This week we have focused on Cyberbullying. Cyberbullying is defined as “willful and repeated harm inflicted through the use of computers, cell phones, and other electronic devices” (Hinduja & Patchin, 2015). In a society where most people have access to some form of social media via their cell phone, cyberbullying has reached a new level. The ability to remain anonymous and say things that one would never have the courage to say face-to-face has led to the feeling of being able to say whatever one wants. Because of this, cyberbullying is becoming a major issue for both adults and children alike
To me, one of the most pertinent and current cyberbullying examples is found in the presidential campaigns. Supporters for Bernie, Hillary and Trump can all be found on social media berating and insulting the opposing parties. When did this become the way to support your candidate? I saw the same type of behavior in 2012 and unfriended or unfollowed many people on Facebook. I think Hillary has been hit harder than many candidates due to her husband’s previous infidelity. She has noted that she thinks Trump will use this against her during the campaign and she tries not to take it personally. However, this seems like a shameful way to try and when the Presidency of our great country.
Politics aside, cyberbullying is seen on all forms of social media and internet. Teenagers are the most common victims and perpetrators of cyberbullying. This is a scary fact to me. The group most vulnerable is the group that is participating the most. One, teenagers’ brains are not fully developed and therefore, their decision making is not always rationale. Bullies don’t’ necessarily understand the repercussions of their actions while those being bullied have a difficult time processing and dealing with the harassment. This leads to depression, loss of desire to participate in activities one used to enjoy, lack of sleep or appetite and even suicide.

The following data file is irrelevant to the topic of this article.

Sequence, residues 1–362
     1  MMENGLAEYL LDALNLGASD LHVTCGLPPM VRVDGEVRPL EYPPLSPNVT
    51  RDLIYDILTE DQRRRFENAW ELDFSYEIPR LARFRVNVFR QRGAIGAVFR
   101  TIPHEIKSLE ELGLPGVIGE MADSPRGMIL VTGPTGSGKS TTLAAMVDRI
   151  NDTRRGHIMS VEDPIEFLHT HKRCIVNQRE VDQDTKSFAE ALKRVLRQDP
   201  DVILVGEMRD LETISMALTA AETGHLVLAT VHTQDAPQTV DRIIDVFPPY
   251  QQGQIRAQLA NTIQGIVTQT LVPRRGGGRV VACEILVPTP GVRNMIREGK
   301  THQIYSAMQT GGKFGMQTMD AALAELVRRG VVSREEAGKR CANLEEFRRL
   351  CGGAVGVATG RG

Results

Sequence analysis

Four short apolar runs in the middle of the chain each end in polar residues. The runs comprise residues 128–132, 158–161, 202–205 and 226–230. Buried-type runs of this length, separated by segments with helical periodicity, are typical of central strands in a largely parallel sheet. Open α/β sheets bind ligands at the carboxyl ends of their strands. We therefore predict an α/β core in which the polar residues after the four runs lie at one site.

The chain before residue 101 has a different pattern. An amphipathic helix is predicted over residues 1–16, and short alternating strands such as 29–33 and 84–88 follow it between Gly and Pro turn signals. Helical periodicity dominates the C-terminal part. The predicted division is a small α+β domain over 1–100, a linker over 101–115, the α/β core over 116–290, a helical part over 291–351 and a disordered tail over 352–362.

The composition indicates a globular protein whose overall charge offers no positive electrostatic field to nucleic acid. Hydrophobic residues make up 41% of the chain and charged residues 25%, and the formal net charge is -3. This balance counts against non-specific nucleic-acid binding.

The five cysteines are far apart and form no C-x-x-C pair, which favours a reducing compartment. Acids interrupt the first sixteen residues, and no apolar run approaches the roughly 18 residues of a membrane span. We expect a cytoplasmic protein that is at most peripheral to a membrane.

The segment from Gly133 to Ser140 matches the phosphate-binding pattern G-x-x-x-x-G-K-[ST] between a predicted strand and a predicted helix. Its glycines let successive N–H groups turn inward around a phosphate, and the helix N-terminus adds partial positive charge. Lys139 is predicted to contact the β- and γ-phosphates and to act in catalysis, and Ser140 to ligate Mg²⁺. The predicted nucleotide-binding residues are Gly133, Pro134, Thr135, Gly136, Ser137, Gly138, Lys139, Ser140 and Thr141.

With all of the information out there on the effects of cyberbullying, what can be done? A lot of cyberbullying is done outside of school but is continued within those 4 walls. What is the responsibility of the school? What is the responsibility of the parents? There is definitely a grey area surrounding who is responsible. So how do we teach kids about the dangers of cyberbullying? Throughout my discussion with colleagues this week, it seems like a camp or program to teach kids about the effects of cyberbullying would, perhaps, have the most impact. The goal would be not to simply focus on the victims, but also to focus on those who offended in order to help the bullies understand the consequences of their actions. I hope to incorporate this debate into my 7th and 8th grade iPad bootcamp in the coming weeks in order to bring light to cyberbullying as well as the ramifications.
Cavanaugh, M. A. (n.d.). Cyberbullying Can Have Deadly Consequences. Retrieved August 07, 2016, from http://aspeneducation.crchealth.com/article-cyberbulling-consequences/
Hinduja, S., & Patchin, J. W. (2015). Bullying beyond the schoolyard: Preventing and responding to cyperbullying. (2nd ed.). Thousand Oaks, CA: Corwin.
Merica, D. (2016, April 22). Clinton’s advice on cyberbullying: ‘Don’t take it personally’ Retrieved August 07, 2016, from http://www.cnn.com/2016/04/22/politics/hillary-clinton-cyberbullying-internet/
Should Schools Protect Kids from Cyberbullying? [PDF]. (2016). Advancing Academic Langauge for All. Retrieved from http://aala.serpmedia.org/files/6513/6537/5304/3.16_aala_r.pdf
Talukder, G. (2013, March 20). Decision-making is Still a Work in Progress for Teenagers. Retrieved August 07, 2016, from http://brainconnection.brainhq.com/2013/03/20/decision-making-is-still-a-work-in-progress-for-teenagers/